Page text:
Roe vs caviar
What is roe and what is caviar? Are there any differences besides the name? Yes, there is. Both are fish eggs but processed in two very different ways. Sturgeon caviar, the ‘real’ and original caviar are characterized by its delicacy and its expensive cost. This can be the reason why there are less expensive varieties of caviar at today’s market to serve the average person and not only the royals as it used to be.
Caviar: Exclusive and salted eggs
The name caviar translates as “unfertilized salt eggs” and that is exactly what caviar is. Caviar is the processed, salted fish roe of certain types of fish, often sturgeon. Most caviar from sturgeon fish comes from the Black Sea or the Caspian Sea by Azerbaijan, Iran, Russia, and Kazakhstan. Beluga caviar is probably the most famous and expensive. The Beluga is larger, more buttery, and silver-grey than the others. Other common types of caviar are Osetra, White Sturgeon, and Amur Sturgeon. There are only 27 species of sturgeon and only this type of processed roe can be called and labelled as “caviar”. The species brings various caviar in terms of size, colour, and flavour.
The process of caviar
The process of caviar is long and caring. The roe is harvested and rinsed to remove all the membranes from the eggs, so only the ‘best’ egg is left. Hereafter the eggs are lightly salted, pressed, and can cure before being packed into a custom made tins. Sometimes caviars are pasteurized to extend their shelf-life. Caviar has a salty taste, as the texture of caviar is often soft, translucent, and grainy. Some of the best caviar melts on the tongue as a result of the fine process. Caviar is graded based on its colour and the size of the eggs.
Why is caviar so expensive?
The reason caviar is so expensive and lucrative eating is twofold.
First of all, sturgeon species everywhere are threatened due to overfishing, pollution, and general habitat destruction. The sturgeon, as one of the few animals in the world, has largely not changed its appearance in the millions of years it has existed yet the roe has always been exclusive. Sturgeon can live to be over 100 years old. Caviar used to be a poor man’s food in Russia, but in the 1600s sturgeon became luxurious dining among the Russian court. Since sturgeon has increased its popularity and during the 1900s the fish was nearly extinct. Nowadays the species is still alive, but listed as an endangered species and has been under protection since the late 1990s. Catching or trading wild sturgeon is strictly prohibited. All trade-in caviar and sturgeon are controlled by CITES (Convention on International Trade in Endangered Species of Wild Fauna and Flora). Some caviar, such as Beluga Caviar, is illegal in some countries. The majority of sturgeons are farmed in Germany, Italy, and France.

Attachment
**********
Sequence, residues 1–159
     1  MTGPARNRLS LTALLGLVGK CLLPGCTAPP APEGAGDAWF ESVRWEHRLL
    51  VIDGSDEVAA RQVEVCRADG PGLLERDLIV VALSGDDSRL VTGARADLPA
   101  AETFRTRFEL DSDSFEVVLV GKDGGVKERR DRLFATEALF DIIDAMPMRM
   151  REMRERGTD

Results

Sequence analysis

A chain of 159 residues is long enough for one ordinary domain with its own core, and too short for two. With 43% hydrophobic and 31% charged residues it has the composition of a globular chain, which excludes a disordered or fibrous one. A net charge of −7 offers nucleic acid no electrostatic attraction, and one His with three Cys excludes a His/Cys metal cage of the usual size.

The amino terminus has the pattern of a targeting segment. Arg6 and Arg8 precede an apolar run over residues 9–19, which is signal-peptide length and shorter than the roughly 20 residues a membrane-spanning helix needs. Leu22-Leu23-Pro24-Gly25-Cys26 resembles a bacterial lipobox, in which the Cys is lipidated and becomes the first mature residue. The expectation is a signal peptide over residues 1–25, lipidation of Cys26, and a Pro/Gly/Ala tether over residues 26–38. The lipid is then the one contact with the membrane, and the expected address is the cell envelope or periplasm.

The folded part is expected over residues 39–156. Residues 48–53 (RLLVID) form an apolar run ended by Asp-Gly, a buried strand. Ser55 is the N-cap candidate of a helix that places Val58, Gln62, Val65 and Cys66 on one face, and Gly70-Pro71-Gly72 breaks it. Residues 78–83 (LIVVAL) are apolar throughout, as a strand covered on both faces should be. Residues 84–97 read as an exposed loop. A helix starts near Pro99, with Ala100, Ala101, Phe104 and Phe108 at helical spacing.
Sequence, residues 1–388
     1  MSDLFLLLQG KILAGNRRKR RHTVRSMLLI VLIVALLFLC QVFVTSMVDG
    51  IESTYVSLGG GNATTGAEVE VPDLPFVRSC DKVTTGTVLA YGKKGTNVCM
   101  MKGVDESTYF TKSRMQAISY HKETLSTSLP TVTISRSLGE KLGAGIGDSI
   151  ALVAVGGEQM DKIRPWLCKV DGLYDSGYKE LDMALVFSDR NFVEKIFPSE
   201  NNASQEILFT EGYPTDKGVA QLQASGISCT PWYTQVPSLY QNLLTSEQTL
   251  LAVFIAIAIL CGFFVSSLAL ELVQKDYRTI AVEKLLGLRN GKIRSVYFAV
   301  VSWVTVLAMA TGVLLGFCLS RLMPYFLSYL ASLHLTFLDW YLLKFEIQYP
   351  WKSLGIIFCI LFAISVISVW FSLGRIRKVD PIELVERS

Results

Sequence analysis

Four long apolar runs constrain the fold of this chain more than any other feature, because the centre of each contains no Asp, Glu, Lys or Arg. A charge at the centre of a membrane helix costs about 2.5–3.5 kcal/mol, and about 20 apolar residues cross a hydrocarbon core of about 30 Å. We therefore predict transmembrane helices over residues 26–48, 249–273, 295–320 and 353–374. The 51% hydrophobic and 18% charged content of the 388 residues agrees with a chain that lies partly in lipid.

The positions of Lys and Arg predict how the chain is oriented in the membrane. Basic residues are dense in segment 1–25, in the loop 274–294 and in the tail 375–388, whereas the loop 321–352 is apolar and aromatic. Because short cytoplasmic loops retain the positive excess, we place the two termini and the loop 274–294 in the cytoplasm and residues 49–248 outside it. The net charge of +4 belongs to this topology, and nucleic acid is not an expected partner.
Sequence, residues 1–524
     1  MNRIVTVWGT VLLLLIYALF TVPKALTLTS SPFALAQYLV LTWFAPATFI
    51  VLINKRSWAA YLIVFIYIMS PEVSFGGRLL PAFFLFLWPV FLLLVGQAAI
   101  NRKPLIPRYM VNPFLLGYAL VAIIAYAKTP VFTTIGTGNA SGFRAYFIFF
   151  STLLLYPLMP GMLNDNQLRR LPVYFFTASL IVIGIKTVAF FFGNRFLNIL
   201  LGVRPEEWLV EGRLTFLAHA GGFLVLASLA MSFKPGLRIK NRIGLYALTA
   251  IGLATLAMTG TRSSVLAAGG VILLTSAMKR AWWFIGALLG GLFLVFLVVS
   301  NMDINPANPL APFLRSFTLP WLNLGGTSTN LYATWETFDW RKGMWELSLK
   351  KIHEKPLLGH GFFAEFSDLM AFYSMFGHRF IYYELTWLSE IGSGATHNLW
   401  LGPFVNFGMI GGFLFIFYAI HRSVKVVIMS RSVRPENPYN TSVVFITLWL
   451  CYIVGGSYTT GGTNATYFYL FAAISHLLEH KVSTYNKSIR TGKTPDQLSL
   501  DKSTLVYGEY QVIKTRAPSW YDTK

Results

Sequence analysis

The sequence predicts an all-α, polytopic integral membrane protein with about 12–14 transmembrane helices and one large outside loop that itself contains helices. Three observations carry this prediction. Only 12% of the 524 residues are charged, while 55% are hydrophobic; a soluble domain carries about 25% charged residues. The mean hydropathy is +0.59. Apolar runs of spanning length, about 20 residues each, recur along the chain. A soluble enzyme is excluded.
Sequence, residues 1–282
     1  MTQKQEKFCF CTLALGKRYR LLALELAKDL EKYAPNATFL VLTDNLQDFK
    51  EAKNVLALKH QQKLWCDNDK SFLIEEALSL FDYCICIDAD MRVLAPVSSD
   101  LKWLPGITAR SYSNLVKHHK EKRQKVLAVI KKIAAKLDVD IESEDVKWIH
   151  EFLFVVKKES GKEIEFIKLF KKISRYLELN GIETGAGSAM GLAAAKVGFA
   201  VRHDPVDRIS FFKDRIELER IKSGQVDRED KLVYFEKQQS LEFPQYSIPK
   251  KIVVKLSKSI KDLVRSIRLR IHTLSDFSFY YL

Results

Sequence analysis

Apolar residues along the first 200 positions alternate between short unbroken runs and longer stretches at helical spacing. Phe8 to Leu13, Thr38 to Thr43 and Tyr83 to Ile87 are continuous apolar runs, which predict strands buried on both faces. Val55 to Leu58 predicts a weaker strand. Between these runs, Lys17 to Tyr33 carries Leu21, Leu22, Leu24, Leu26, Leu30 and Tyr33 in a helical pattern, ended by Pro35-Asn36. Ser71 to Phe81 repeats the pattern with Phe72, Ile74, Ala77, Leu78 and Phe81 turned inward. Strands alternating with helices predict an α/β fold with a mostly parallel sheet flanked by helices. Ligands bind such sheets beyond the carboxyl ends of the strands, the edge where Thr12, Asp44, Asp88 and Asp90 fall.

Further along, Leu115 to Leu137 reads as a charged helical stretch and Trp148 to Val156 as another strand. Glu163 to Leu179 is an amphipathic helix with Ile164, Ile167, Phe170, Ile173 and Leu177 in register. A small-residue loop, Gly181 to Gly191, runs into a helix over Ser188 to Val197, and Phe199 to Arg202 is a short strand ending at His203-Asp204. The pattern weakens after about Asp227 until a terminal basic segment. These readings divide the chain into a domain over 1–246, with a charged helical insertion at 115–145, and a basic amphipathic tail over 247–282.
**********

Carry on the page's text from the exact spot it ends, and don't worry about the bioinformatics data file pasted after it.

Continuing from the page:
Secondly, the female fish are several years from reaching maturity and begin producing eggs. Baerii reaches maturity around year 6-7 while the famous Beluga is mature at year 18. This explains why farmed sturgeon caviar has very high prices.
Roe: The caviar substitute
Roe is the fully ripe, unfertilized internal egg mass. It may come from different fish or shellfish. “Roe” is a term that encompasses all fish eggs other than sturgeon. Roe has a lot of different types. The most common types of fish roe are tobiko, salmon, capelin roe (masago), and trout roe. Fish roe is another type of roe. Between caviar and roe lies fish roe. Fish roe is also fully ripe, unfertilized egg mass. Whereas the roe comes from all kinds of fish and shellfish, fish roe only comes from fish such as sturgeon, whitefish, salmon, trout, and mackerel.
Since the label “caviar” is reserved for roe from sturgeon, roe from other fish must be labelled as “caviar substitute”, although rules for the EU and Northern America are different. In EU is it allowed to call a roe “kaviar” when spelt with “k”.
Different types of roe
As caviar has a long process, sometimes separating the individual eggs, this is not the case with roe. Roe is used in many different ways. It is sold fresh in the whole form or sliced, sometimes preserved in various forms, and you will find roe in different products like roe pate. Fresh cod or haddock roes can be expensive, and most commonly are eaten raw.
Caviar and roe are often enjoyed in small amounts. Sometimes caviar, especially in the high end and expensive class, is eaten neat with just a touch of salt. But both products are great for Japanese cuisine, especially for sushi and also for dessert.
Whether the favoured product is caviar or roe both are rich in nutrition and have health benefits include a high number of carotene. Carotene found in caviar is known to help increase the skin’s ability to fight off the effects of UV rays from the sun. Additionally, carotene is responsible for the reddish-orange colour in the roe.
Caviar and roe are not sustainable food, but fortunately, there are great alternatives. Seaweed caviar is plant-based caviar with important vitamins and minerals. Unlike caviar and roe there is no limitation when it comes to the use of seaweed caviar. It can boost your plate as a beautiful garnish without harming fish. Our goal is to help reduce the carbon footprint and get more to eat sustainable seaweed.